(THIS ARTICLE IS MACHINE TRANSLATED by Google from Norwegian)
"Don't burn any bridges" is a difficult parole to work from when one's vision is to create a woman-led mosque. Probably everywhere in the world, but not least in Denmark, as the Syrian-Finnish Danish Sherin Khankan set out to do in 2015. With a small group of (more or less) like-minded Muslims – men and women – and with a donated occasion from a soul mate in the art of creating a stir, Mariam Mosque became a reality in 2016. Instructor Marie Skovgaard has closely followed Sherin Khankan through the process, and the latest footage is from December last year.That a mosque with female imams would create a backlash in many places was predictable. On the one hand, there are Muslims who will protest that women can lead the prayer. Partly, there are non-Muslims who will protest the idea that Islam can be practiced in many ways. For example, the white Danish ladies in colorful clothes and dyed hair, who surround Sherin Khankan after a conference on "radicalization" in the Danish People's Party, to inform Khankan that while it was once Christians that posed a threat to world peace, then the threat today comes only from Muslims.
"I do not agree," Khankan says quietly and impressively calmly, though she is clearly affected by the situation. Why? Khankan is under siege in many different contexts. Surrounded by right-wing Muslim men – after speaking at a debate at SDU – who bombard her with questions and accusations of not having sufficient knowledge of the Koran. Surrounded by journalists eager to run away with every sensation the project throws off, even if it involves inventing facts; such as when Politiken writes that the Mariam Mosque has a secret address for fear of reprisals. "Why do they write like that, though?" Khankan wonders. Within the group behind the Mariam Mosque, disagreements and misunderstandings regarding theology, tactics, strategy and personal style are also lurking from the start. It becomes apparent in one of the first scenes of the Reformist, as the documentary is called. The question of gay marriage arises, and from the facial expressions of those present in the camera angle alone, it is more than obvious that they do not look alike on that issue – and do not have as much at stake.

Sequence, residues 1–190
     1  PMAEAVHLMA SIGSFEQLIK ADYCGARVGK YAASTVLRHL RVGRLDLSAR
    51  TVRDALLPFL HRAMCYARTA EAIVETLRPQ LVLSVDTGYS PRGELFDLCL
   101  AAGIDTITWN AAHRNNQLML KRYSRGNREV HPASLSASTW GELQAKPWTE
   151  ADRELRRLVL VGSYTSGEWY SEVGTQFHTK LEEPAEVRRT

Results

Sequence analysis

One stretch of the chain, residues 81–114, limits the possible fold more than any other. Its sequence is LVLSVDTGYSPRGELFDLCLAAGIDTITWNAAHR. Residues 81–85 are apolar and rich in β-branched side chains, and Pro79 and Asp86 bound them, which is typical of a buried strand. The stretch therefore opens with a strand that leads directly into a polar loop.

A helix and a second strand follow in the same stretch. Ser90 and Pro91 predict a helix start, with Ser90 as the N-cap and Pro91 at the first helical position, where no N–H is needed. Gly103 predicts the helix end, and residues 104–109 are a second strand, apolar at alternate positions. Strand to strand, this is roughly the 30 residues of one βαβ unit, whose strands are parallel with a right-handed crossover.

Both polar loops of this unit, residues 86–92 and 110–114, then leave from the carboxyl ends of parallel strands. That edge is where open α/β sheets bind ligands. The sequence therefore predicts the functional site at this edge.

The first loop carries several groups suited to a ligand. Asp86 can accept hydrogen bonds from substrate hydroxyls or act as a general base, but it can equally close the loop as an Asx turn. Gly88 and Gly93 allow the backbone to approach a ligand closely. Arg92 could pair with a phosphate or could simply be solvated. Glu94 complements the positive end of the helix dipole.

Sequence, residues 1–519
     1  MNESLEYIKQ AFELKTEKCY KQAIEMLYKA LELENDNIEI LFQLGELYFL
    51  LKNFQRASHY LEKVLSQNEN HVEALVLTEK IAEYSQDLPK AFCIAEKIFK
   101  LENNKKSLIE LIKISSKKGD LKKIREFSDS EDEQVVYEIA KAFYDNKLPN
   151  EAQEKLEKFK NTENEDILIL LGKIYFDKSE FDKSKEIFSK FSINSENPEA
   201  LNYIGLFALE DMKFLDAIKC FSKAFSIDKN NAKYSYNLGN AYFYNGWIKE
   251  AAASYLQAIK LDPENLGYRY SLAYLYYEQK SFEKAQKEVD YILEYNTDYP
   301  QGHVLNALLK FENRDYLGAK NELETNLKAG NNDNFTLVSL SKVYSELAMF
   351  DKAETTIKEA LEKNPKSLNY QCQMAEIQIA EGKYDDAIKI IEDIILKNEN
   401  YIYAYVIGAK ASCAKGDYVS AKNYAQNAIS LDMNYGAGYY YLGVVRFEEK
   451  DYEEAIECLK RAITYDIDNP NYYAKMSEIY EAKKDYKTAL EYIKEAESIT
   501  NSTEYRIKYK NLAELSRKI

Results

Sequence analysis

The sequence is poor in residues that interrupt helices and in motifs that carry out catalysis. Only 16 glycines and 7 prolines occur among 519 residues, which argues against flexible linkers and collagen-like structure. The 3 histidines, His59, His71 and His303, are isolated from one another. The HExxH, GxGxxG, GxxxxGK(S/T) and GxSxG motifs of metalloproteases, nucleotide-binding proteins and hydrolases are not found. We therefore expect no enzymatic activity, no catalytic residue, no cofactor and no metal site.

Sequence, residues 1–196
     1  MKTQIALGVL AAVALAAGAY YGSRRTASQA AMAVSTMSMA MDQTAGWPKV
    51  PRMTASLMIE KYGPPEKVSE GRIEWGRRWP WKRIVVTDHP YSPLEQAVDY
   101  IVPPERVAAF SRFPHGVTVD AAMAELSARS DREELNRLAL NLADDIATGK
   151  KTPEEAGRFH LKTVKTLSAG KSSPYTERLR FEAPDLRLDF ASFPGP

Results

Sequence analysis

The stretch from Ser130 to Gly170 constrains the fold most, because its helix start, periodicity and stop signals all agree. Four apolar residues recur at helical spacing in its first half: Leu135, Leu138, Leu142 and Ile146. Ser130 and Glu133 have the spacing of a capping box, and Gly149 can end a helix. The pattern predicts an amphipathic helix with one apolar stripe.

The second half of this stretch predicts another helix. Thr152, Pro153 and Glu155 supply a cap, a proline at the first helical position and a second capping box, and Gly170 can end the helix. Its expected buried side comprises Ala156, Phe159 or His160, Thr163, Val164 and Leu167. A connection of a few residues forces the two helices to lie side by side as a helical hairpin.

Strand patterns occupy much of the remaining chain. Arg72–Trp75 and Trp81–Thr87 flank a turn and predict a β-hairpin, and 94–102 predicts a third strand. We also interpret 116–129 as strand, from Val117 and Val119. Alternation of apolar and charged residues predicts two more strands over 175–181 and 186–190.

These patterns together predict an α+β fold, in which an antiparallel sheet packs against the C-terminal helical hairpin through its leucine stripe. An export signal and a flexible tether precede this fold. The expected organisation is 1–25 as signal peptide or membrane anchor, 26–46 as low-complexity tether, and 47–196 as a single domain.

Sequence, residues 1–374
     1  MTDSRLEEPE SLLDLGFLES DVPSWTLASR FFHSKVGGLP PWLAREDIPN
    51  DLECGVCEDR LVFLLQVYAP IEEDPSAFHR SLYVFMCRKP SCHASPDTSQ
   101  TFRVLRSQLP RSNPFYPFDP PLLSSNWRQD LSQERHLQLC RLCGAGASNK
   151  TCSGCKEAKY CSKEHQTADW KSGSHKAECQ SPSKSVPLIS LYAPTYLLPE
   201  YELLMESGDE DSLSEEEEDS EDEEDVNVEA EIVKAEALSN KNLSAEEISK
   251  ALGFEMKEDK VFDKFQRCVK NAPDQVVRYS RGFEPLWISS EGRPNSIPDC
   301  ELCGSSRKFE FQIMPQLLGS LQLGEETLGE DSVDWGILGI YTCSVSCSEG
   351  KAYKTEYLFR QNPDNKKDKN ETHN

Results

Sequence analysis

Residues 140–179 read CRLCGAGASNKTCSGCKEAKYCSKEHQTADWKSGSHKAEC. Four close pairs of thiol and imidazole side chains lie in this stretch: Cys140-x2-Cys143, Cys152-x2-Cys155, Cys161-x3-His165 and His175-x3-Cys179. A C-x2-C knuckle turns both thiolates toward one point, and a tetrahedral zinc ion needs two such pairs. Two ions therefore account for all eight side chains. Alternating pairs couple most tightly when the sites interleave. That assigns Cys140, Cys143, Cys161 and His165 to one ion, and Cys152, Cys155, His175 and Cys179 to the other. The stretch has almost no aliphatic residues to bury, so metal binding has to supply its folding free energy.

The strength and the weakness
Although Mariam Mosque is about creating community and congregation, the project is linked to Sherin Khankan and her vision, as the documentary's title and plot also suggests, the good and evil.The strength of Khankan's dedication – in her faith in the cause and in her personal beliefs and integrity – is also a weakness that is often dangerously close to making it all fall apart.
She pushes some away by insisting on following her heart.
She wins, she fails, she cries, she holds on to herself, she embraces – herself and others – and she pushes some away by insisting on following her heart, and is close to pushing others away by trying to don't follow his heart. reformist is a moving portrait of a searching and resolute soul, humbly fearless without being immune to neither threats and attacks nor positive and negative reactions from those with whom she is allegedly on hold. Through elegant interweaving of the collective and the personal, the private and public, Marie Skovgaard has created a unique documentary about a unique project. The camera is bold and insistent without being indiscriminate or disrespectful, and as such it captures what seems to be at the heart of the Mariam Mosque with all its yet unfulfilled – but still alive – promises and visions.